Thursday 3 November 2016

Movie Review: The Prime Of Miss Jean Brodie (1969)

A school drama with a difference, The Prime Of Miss Jean Brodie is an engrossing study of surreptitious manipulation in all its forms. The film moves in unexpected directions, and builds forceful momentum powered by an exceptional Maggie Smith performance.

Edinburgh, 1932. Miss Jean Brodie (Smith) is an unmarried teacher at the Marcia Blaine School for Girls. Having lost the love of her life in the dying days of the Great War, Jean presents herself as a superior teacher, in her prime, dedicated to exposing "her girls" to the arts, culture, beauty and her version of the truth. The students currently falling under her influence include the beautiful Jenny (Diane Grayson), the smart Sandy (Pamela Franklin), and the tentative, stuttering Mary (Jane Carr).

Jean is involved in romantic relationships with two fellow teachers, but is unable to commit to either one. Her real love is art teacher and artist Teddy Lloyd (Robert Stephens), but he is married with many kids and is only interested in the thrill of the affair. Music teacher Gordon Lowther (Gordon Jackson) is more available, but Jean sees him as a boring second choice. Meanwhile, the school's headmistress Emmeline Mackay (Celia Johnson) is growing wary of Jean's undue influence on the girls. As the Brodie girls grow up and start to move into early adulthood, Jean's influence resonates through their young lives, while the rumblings of emerging fascism across Europe unleash disturbing tendencies in Miss Brodie.

A play adaptation directed by Ronald Neame and written for the screen by Jay Presson Allen, The Prime Of Miss Jean Brodie initially presents itself as a female version of 1967's To Sir, With Love. Jean Brodie appears to be a principled and inspirational teacher, rising above the doldrums of a routine curriculum to turn her students into something better. They reciprocate with deep admiration, building a self-sustaining circle of affection to escape the grey expectations of the school's administration.

But this is a film with a clever feint. The Prime Of Miss Jean Brodie's intent is to explore dangers lurking beneath superficial female displays of nurturing, and the drama slowly, almost imperceptibly, but ever so surely, steers towards dark corners. What lies beneath the central character's seemingly philanthropic behaviour is a rare selfish streak, and Neame expertly peels the onion layers to reveal a poisonous core where lifelong heart and mind battles are fought in classrooms and bedrooms.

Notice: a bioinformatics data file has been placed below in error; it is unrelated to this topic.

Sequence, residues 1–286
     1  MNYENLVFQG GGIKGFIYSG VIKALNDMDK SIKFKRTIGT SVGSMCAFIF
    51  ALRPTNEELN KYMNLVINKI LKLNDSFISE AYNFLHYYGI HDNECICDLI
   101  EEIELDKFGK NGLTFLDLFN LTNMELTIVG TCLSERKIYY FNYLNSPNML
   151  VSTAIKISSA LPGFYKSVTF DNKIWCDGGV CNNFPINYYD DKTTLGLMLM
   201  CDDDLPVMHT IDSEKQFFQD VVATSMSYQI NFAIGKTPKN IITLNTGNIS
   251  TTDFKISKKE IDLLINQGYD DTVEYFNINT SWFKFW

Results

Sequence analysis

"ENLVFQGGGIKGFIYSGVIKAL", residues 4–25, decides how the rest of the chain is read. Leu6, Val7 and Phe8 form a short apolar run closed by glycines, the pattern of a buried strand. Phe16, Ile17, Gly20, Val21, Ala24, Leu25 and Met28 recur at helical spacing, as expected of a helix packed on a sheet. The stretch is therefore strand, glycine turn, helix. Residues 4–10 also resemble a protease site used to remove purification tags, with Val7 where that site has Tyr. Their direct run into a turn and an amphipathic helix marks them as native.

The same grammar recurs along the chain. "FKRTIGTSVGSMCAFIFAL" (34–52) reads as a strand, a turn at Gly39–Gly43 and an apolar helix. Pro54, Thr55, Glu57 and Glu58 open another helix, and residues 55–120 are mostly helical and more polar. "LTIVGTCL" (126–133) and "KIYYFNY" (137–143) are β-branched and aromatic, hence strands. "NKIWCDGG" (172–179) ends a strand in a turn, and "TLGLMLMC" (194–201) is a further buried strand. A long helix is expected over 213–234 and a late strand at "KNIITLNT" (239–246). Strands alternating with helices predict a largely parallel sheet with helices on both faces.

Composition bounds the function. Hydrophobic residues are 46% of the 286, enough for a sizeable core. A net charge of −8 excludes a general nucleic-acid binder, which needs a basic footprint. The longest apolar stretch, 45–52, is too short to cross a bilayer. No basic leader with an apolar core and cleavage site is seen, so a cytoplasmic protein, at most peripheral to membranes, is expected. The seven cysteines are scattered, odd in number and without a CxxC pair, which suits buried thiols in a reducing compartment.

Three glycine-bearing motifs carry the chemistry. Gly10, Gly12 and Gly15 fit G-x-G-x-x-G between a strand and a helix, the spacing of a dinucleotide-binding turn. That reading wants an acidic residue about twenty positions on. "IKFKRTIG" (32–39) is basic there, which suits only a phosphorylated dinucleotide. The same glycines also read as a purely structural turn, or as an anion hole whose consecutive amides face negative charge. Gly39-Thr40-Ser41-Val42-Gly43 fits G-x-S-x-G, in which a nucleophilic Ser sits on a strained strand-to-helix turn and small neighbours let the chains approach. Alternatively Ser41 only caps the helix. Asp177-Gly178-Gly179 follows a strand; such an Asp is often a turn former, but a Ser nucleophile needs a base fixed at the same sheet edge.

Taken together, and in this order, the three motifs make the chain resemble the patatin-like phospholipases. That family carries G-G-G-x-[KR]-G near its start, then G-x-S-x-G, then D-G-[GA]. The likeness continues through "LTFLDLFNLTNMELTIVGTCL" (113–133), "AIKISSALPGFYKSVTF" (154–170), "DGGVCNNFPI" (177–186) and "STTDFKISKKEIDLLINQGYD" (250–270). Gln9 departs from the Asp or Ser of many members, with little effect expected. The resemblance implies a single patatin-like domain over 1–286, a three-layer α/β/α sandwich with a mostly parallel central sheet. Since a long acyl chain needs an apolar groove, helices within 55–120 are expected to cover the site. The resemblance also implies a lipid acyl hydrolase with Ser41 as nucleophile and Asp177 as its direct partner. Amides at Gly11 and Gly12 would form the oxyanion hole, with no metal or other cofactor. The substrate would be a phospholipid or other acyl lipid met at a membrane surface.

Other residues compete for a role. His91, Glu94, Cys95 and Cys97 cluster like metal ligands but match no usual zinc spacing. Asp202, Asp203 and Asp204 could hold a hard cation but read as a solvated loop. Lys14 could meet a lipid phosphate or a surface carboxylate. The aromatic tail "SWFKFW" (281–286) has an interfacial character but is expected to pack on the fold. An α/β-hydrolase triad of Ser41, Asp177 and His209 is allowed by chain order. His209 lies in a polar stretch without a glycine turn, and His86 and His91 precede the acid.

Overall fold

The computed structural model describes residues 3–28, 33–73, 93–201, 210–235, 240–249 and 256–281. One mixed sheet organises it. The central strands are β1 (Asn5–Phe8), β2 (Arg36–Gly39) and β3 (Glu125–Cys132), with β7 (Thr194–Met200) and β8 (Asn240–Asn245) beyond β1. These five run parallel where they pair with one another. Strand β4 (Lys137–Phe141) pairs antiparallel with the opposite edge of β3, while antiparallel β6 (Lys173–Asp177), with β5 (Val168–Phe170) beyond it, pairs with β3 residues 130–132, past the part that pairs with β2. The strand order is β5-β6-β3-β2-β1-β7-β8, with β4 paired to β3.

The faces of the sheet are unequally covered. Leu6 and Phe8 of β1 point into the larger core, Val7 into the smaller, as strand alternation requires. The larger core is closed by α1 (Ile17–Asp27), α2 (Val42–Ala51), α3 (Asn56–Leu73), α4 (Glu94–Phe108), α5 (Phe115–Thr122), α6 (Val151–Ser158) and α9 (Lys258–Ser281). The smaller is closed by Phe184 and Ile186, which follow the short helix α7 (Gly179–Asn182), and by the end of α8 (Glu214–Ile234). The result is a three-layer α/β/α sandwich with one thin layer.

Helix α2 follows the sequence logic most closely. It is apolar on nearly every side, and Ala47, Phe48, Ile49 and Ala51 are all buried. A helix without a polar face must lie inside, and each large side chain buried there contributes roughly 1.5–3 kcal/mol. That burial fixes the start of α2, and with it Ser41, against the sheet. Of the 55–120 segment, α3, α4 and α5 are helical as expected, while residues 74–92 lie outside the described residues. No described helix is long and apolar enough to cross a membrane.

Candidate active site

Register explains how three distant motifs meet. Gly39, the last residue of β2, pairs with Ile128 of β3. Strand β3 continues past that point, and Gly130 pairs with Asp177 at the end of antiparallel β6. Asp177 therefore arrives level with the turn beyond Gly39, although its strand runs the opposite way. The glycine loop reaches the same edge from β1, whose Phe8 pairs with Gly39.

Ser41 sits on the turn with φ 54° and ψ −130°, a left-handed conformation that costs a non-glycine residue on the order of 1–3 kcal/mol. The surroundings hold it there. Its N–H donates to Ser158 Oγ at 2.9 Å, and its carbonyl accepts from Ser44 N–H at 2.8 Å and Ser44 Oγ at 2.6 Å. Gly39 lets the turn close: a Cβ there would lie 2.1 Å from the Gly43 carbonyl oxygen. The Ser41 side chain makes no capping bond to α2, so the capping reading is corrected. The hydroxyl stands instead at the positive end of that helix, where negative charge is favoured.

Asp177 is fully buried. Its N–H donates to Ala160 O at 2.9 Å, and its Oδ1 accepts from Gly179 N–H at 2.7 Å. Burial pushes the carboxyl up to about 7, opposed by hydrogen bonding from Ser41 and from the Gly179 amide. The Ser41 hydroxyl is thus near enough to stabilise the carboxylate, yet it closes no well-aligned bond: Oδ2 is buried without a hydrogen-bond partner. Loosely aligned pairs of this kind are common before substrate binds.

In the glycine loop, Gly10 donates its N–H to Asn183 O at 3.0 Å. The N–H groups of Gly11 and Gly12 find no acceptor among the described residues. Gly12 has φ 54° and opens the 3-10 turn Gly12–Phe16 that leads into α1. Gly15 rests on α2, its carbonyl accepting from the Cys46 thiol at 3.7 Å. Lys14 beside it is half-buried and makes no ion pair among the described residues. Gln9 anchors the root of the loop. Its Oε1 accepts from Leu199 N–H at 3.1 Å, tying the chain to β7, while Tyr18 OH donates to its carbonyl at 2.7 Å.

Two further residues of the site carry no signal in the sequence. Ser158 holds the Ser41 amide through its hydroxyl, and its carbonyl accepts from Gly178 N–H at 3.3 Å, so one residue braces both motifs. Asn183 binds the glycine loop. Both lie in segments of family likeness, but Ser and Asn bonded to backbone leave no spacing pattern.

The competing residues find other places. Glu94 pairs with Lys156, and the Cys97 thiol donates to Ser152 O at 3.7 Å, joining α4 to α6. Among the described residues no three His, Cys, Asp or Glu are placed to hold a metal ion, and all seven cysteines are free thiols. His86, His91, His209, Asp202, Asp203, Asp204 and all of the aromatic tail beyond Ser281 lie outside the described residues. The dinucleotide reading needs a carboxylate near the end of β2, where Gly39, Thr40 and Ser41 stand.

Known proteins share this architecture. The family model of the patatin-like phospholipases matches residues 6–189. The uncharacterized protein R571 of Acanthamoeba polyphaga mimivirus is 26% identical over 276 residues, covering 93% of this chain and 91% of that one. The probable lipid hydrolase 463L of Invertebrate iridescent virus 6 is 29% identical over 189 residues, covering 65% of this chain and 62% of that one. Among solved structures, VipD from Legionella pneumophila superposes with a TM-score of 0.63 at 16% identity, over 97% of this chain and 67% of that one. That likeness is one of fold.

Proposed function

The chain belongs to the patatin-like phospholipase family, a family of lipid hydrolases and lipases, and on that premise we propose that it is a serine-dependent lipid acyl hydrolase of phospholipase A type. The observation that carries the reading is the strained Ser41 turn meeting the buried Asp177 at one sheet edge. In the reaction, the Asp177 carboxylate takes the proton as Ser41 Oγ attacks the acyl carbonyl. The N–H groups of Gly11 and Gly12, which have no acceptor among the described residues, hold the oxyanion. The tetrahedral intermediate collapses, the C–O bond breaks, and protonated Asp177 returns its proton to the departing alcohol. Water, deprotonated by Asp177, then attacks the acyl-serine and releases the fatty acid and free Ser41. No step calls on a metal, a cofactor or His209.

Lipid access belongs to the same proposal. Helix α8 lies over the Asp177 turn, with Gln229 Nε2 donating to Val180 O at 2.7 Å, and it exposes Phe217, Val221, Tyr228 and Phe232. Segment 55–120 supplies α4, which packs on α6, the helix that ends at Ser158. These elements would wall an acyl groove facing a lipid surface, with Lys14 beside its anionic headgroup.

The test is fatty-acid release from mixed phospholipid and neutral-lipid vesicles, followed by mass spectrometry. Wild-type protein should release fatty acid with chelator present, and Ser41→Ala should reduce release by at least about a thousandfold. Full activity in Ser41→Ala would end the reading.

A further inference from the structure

Presson Allen surrounds Jean Brodie with other women old and young, and they are no less calculating. Miss Mackay's mission in life is focused on ridding Marcia Blaine School of Miss Brodie, and what starts as a clash between old and modern transforms into an existential battle of wills between two educators using other people as weapons. Meanwhile, Sandy matures from girl to young woman and joins the arena where deviousness rules. Taught at the feet of Brodie, Sandy has learned well and emerges as a couterpoint to her mentor.

Maggie Smith delivers a spectacular performance, full of righteous self-aggrandization disguised as benevolence. Pamela Franklin and Celia Johnson hold their own, and form the other two points of the tension triangle. There are men in the film, but while the artist Teddy Lloyd and the well-meaning Gordon Lowther sometimes imagine a level of autonomy, they are in fact caught in overlapping webs of deception woven by the women in their lives.

Two highlight scenes demonstrate the art of verbal warfare. Brodie and Mackay face off in an epic battle of words and wits, Brodie drawing a line in the sand and standing on the edge of it with magnificent impudence. Brodie and Sandy then get their own royal battle, the former student flexing her burgeoning power, and now bursting into her own prime.

All Ace Black Movie Blog reviews are here.

1 comment:

  1. This is an interesting film for a number of reasons. I admit that I was a bit baffled by it when I first watched it...until the third act. Then I got the whole thing. We need the first two acts to understand the impact of the final half hour of the film. And that final half hour is something to see!


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